I’ve been working on the artwork for the Magician for the past few days. I’ve had the concept for the card clearly in mind for at least a year, and in fact had already done the preliminary work of making sketches and gathering reference photos last summer. I remember the two moments when I knew I wanted my Magician to be a ritual drummer. The first time was when I saw a friend at his wedding reception drumming away, head thrown back, in a kind of otherworldly ecstasy, overtaken by Pan. It was that outer-directed, yang, male wildness I wanted to capture for the Magician, as well as the energy that is created at festival or in a drum circle when a group of ritual drummers is totally in synch and transports everyone present to the Otherworld.
I love this quote about drumming from Charles de Lint’s novel Forests of the Heart:
“If you listen close enough [to the earth] you can hear a heartbeat. That’s what we do when we drum, you know. We’re talking to the heartbeat of manido-aki — the spiritworld.”
The second time I flashed on the idea of Musician as Magician was when I saw Scott Huckabay perform with his band Sonic Tribe last year. I was astounded at this magic man who transformed a bar into a temple, no mean feat. And I’ve seen my own lovely man do the same thing onstage — become a lightning rod or a conduit for the Other. The energy from the spirit world comes in through the musician’s body and out the drum, the guitar, the bass — then out to the audience. And those who are gathered there are lifted and transported to the realm where Magic Happens. Whether it’s rock ‘n roll, world beat or trance dance, music has the power and potential to transform and heal.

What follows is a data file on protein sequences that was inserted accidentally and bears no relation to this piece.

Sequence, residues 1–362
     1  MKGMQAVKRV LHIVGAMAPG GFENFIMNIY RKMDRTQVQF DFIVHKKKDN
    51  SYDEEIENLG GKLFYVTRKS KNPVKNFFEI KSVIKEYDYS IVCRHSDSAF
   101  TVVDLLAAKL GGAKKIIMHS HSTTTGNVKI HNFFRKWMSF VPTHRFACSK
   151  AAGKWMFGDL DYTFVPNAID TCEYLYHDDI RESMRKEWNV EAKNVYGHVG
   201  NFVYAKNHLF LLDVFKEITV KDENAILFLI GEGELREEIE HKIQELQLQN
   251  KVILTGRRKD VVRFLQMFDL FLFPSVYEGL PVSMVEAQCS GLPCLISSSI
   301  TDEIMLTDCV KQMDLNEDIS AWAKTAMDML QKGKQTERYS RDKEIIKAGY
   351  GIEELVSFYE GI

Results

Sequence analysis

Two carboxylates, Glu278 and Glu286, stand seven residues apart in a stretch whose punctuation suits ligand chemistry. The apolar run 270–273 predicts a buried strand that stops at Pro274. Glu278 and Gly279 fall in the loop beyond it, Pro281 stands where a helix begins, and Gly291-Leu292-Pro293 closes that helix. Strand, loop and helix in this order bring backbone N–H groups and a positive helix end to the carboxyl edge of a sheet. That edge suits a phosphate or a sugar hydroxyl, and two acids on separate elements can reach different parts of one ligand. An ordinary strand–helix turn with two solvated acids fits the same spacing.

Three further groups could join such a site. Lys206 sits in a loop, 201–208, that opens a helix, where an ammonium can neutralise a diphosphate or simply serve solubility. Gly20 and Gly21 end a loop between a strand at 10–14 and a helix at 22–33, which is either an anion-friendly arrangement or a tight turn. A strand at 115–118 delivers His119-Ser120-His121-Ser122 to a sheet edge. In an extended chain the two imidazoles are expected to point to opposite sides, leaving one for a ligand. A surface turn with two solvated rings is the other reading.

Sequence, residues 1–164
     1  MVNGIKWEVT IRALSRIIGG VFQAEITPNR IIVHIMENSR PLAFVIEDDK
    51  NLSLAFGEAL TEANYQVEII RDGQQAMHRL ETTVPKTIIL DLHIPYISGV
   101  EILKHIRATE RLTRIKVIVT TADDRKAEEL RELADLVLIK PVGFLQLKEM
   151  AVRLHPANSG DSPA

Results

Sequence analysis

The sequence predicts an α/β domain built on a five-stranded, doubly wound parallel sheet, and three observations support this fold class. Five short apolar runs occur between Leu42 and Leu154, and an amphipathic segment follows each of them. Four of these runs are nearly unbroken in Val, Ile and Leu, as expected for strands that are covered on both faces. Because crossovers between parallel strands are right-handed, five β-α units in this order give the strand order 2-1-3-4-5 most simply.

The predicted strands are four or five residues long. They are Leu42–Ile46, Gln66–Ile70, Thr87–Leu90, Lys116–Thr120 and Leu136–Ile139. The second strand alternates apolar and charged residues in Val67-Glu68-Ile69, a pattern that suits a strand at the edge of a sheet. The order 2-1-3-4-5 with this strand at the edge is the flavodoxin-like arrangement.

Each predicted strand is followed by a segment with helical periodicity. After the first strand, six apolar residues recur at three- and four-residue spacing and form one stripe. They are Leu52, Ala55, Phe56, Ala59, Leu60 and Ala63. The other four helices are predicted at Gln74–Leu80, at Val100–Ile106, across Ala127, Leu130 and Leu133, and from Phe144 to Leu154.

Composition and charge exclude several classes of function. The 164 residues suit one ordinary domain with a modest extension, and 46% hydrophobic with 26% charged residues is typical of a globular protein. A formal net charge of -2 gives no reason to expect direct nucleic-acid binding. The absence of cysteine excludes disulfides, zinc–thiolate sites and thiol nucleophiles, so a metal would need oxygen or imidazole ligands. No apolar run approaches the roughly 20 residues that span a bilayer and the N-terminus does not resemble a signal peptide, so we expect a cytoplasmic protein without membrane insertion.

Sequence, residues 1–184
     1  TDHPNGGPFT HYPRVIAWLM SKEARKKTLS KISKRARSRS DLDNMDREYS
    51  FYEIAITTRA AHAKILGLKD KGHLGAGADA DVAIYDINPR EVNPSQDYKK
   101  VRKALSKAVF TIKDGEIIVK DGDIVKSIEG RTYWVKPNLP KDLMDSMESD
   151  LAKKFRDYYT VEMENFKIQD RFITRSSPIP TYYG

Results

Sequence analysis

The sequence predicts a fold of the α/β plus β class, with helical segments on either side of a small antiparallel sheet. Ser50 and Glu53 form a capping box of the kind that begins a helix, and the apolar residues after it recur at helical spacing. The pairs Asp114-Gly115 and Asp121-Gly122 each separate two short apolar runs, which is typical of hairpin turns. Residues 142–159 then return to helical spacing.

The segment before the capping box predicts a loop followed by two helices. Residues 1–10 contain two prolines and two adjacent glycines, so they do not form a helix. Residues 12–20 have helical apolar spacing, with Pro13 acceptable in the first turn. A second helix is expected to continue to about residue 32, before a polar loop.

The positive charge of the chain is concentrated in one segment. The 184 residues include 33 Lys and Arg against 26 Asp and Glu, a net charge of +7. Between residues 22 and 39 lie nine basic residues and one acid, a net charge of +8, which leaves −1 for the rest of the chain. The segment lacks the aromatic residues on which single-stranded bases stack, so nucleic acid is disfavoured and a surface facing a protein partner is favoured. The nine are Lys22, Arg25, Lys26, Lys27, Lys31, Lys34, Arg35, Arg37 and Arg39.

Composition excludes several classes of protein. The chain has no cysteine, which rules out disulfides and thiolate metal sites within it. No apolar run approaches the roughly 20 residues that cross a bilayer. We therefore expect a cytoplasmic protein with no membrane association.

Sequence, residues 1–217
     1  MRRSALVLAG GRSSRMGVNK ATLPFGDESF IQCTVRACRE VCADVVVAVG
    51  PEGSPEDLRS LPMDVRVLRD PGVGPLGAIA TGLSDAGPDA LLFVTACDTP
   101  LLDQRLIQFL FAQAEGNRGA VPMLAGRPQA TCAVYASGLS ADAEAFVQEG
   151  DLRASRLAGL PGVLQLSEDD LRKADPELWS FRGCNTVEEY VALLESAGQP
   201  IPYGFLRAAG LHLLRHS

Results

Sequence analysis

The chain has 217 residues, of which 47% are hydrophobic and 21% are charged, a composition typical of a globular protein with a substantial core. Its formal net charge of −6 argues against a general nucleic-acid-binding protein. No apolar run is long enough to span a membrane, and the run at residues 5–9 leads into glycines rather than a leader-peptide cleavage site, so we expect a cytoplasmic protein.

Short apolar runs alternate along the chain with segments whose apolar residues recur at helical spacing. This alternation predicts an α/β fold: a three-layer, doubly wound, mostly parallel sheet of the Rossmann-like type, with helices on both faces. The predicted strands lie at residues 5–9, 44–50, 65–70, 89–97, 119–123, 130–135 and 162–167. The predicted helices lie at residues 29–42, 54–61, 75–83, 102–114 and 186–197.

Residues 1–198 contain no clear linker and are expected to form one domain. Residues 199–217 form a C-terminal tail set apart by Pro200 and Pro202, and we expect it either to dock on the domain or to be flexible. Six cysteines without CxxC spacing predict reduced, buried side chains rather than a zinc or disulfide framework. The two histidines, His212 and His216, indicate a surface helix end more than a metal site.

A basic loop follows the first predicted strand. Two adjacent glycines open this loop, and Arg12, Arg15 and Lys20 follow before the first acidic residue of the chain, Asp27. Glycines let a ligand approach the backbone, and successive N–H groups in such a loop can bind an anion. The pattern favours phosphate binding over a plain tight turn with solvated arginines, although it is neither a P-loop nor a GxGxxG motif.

So, my Magician.
I wanted to capture the feeling of drummers by firelight at festival, so I added a camp fire to the image. And I placed him in a cave, with petroglyphs that link him back to ancient times. The firelight gives me those lovely warm tones of reds, oranges, golds, browns — all the Magician colors, to contrast and compare with the cool blues and greens of the High Priestess.
I had originally thought of including the petroglyph of the Sorcerer of Les Trois Freres, that famous ancient image of the Horned God. But I found that he already appears on the Magician cards of the Greenwood and Ancestral Path decks, so I let that one go. Instead I am including hands, lots of hands, based on the 2000 year old cave paintings in Cuevos los Manos in Argentina. The hand creates magic — whether with a drum, a pen or paintbrush or other tool— hands bring the Unseen into the realm of the Seen.
At the moment I have left the lemniscate halo out of the drawing because it looks odd. Perhaps I’ll put it back in as the painting progresses. I had always intended it to be there, not only as an homage to the RWS Magician, but also because it is a link to Strength, she the solar female and the Magician, the solar male.
When I finished the line drawing I thought — oh no, he is not facing the viewer, he is not looking the viewer in the eye. As I leaf through all the Magician cards in my collection, I see that every single one is facing the viewer. Hmmm . . . is this something important enough that I need to change it? Or was my intuition right on, and there is something important about him looking outside the confines of the card and laughing?
A friend says that she often notices that a lot of my images hang together intuitively — that there are patterns I didn’t plan but are consistent anyway. I think this is one of the times I need to trust that there is a reason I intuitively chose this pose.